What happened to those boys?

    East Coast weather during April and May is notoriously shitty: quickly forming patches of warm and cold; extended periods of rain; a terrible allergy season. Things even out by the summer, but for now, it’s totally unpredictable. It’s been cloudy and overcast the entire week before Clipse’s May 13 performance at the Theatre of Living Arts in Philadelphia, sun and showers replacing one another but neither holding out long enough. Frustrating, yes, but you couldn’t ask for more poetic conditions.


    In 2002, Gene and Terrence Thornton, who go by Malice and Pusha, respectively, were one of rap’s hottest commodities. Their debut single, the cocaine-selling anthem “Grindin’,” was a Neptunes-produced bomb that spawned too many imitators (“Tipsy,” most shamelessly) and helped glide its accompanying album, Lord Willin’, to near-platinum sales. The following year, Clipse struck again with an appearance on Baby’s “What Happened to That Boy?” an equally innovative if more subdued track whose birdcall and Patty Cake clapping became the backbone for countless freestyles. It was all coming together.


    Then the storm moved in.


    Malice and Pusha were working on the follow-up to Lord Willin’ when their record label, Arista, got eaten up by Jive in a merger. Jive, home to artists such as Usher, Justin Timberlake and Britney Spears, seemed to have little idea what the hell to do with a hardcore rap duo whose biggest success was an ode to drug dealers. So Clipse waited. And wondered.


    By 2005, with Hell Hath No Fury — the follow-up in questionindefinitely delayed, the boys from Virginia Beach decided they’d had enough. They teamed with DJ Clinton Sparks and called on a couple of friends: Liva, who appeared on Lord Willin‘s “Cot Damn,” and Sandman, who Pusha had discovered on a DVD. The foursome christened themselves Re-Up Gang and dropped a pair of incredibly good album-like mixtapes, We Got It 4 Cheap, Vols. 1 and 2, that imagined vivid heart-on-sleeve hustling poured over a gripping soundtrack of handpicked beats. Praise from both critics and fans rolled in like tidal waves, and suddenly, the Clipse boys were back.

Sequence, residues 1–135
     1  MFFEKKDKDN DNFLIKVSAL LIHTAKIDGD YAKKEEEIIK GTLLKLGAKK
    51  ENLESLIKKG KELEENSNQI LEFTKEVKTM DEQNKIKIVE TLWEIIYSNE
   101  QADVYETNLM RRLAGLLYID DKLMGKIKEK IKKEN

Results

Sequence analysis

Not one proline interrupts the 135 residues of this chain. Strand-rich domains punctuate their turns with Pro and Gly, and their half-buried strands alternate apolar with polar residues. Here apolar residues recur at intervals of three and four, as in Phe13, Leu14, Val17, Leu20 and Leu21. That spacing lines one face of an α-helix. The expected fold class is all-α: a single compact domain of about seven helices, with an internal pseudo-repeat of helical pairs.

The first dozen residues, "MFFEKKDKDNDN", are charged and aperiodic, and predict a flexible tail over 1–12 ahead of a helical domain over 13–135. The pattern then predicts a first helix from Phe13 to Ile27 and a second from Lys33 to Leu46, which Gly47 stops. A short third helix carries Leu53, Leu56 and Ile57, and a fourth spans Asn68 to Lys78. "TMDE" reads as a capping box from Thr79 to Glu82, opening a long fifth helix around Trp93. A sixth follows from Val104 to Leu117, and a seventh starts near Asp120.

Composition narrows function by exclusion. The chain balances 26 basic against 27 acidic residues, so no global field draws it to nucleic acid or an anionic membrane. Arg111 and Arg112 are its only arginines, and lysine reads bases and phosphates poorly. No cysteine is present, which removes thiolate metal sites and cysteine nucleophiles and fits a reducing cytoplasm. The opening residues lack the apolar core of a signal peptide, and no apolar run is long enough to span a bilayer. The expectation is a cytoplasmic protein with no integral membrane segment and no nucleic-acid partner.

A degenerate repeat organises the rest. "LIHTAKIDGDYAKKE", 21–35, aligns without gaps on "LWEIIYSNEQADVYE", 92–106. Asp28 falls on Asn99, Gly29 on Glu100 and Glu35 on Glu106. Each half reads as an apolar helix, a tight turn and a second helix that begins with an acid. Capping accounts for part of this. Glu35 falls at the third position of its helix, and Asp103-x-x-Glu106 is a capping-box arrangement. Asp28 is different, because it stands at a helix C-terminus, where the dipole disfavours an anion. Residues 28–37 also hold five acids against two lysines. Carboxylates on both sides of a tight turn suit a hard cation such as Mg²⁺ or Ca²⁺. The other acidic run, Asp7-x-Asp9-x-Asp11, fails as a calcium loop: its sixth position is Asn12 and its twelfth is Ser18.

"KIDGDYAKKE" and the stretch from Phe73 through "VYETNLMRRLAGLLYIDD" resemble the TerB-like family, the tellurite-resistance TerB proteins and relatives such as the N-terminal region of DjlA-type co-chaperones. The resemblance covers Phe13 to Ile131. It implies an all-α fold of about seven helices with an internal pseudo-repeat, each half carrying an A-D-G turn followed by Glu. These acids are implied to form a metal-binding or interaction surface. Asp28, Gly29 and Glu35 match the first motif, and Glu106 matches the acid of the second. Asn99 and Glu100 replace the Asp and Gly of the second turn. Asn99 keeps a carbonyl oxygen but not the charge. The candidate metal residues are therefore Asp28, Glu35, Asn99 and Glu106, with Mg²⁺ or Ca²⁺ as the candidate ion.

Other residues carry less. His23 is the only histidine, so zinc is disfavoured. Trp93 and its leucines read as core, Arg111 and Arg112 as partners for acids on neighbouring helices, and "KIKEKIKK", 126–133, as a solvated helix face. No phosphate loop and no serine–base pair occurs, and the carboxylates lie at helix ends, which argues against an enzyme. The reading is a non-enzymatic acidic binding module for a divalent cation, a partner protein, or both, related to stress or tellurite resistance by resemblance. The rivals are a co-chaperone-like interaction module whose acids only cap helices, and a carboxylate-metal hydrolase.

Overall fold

Now, with a spot opening for Ice Cube on a recent promo tour, a great new single (“Mr. Me Too”), a third installment of We Got It 4 Cheap on the way, and a projected release for their second album, the dark clouds finally appear to be parting for a ray or two. Could it be that the Thornton brothers actually get to see a silver lining this time?




    There was a lot of animosity and frustration with Jive. What’s the current situation?

    Malice: We have our own situation with Jive called Re-Up Gang Records. That’s what Hell Hath No Fury is coming out on later this summer.


    How did the tour with Ice Cube come about? Did he come at you guys like a fan?

    Pusha: We’re co-managed by Tony Draper [founder of Suave House Records], and he sort of spearheaded the whole thing. He put us in touch with Cube and we just clicked. Cube was totally into the Clipse movement. He was going on his promo tour, and he was starting on the West. We had everything settled with Jive, and our promo tour was starting on the West [too]. We were like, “Why don’t we just link onto the tour?” It was a great look. We did the whole West Coast.


    What’s the response been like out West?

    Pusha: It’s been crazy. People know us from the Lord Willin’ album, but as far as the mixtapes, we have a heavy Internet presence, with the distribution through Mixunit.com. So those type of junkies were at the shows as well.


    When the mixtapes came out last year, that was the first time I saw outlets such as Pitchfork and Village Voice pick up on Clipse. What did you think about that?